Effective July 2014, the FIDE has revised its Laws of Chess. Some questions occur regarding the revision, including one re draws and en passant.
[Title "Black to move"] [FEN "1rb1kbnr/ppppqppp/6n1/4P3/8/1PN5/P1PP2PP/1RBQKBNR b kq - 0 1"] 1... d5 2. Ra1 Ra8 3. Rb1 Rb8 4. Ra1 Ra8 5. Rb1
After Black pushes his queen pawn two squares, White could capture en passant, except that the capturer is pinned against its king. So instead (just to illustrate the point), our players start shuffling their rooks back and forth.
After 5. Rb1, can Black write 5... Rb8 on his scoresheet, stop the clocks, and claim draw by repetition?
Another way to ask the question: is the en passant position Black's move 1 introduces effectively an en passant position after all, according to the FIDE's revised Laws of Chess?
DISCUSSION AND REFERENCES
Laws of Chess, sect. 9.2:
The game is drawn, upon a correct claim by a player having the move, when the same position for at least the third time (not necessarily by a repetition of moves): (a) is about to appear, if he first writes his move, which cannot be changed, on his scoresheet and declares to the arbiter his intention to make this move, or (b) has just appeared, and the player claiming the draw has the move. Positions are considered the same if and only if the same player has the move, pieces of the same kind and colour occupy the same squares and the possible moves of all the pieces of both players are the same. Thus positions are not the same if ... at the start of the sequence a pawn could have been captured en passant....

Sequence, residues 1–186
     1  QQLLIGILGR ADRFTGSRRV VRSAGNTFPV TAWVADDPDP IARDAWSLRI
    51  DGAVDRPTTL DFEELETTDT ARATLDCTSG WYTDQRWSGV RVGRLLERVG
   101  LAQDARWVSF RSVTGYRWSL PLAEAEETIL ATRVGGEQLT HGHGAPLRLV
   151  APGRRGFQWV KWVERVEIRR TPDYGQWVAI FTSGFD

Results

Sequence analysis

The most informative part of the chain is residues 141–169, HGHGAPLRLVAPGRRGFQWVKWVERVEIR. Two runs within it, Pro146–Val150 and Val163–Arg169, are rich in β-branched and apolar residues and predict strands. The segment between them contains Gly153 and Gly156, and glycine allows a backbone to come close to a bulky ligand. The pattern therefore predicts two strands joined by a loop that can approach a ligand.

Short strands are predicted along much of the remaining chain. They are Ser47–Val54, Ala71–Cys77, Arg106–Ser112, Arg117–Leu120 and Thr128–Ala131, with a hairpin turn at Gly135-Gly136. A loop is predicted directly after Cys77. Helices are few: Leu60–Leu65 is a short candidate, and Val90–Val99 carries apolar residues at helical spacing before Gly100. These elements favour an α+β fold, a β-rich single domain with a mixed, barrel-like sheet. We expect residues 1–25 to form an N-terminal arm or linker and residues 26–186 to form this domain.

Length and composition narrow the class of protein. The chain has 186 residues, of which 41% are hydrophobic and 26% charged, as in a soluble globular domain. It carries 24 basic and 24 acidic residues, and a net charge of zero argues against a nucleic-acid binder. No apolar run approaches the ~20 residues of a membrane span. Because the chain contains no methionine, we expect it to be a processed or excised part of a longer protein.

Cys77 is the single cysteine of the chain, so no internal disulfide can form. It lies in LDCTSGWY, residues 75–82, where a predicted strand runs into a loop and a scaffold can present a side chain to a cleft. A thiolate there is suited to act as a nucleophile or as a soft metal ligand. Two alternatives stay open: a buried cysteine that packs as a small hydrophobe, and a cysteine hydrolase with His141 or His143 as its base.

To me, this says that Black can indeed claim the draw mentioned above. However, decades of experience suggest that different players can understand the same rulebook language differently, especially in obscure cases like the present one. Is it possible to read this rule differently? One would like to be sure.
Related, earlier questions and answers on StackExchange, predating the FIDE's July 2014 revision, include this.
Further reading: Geurt Gijssen. Arbiter's Notebook.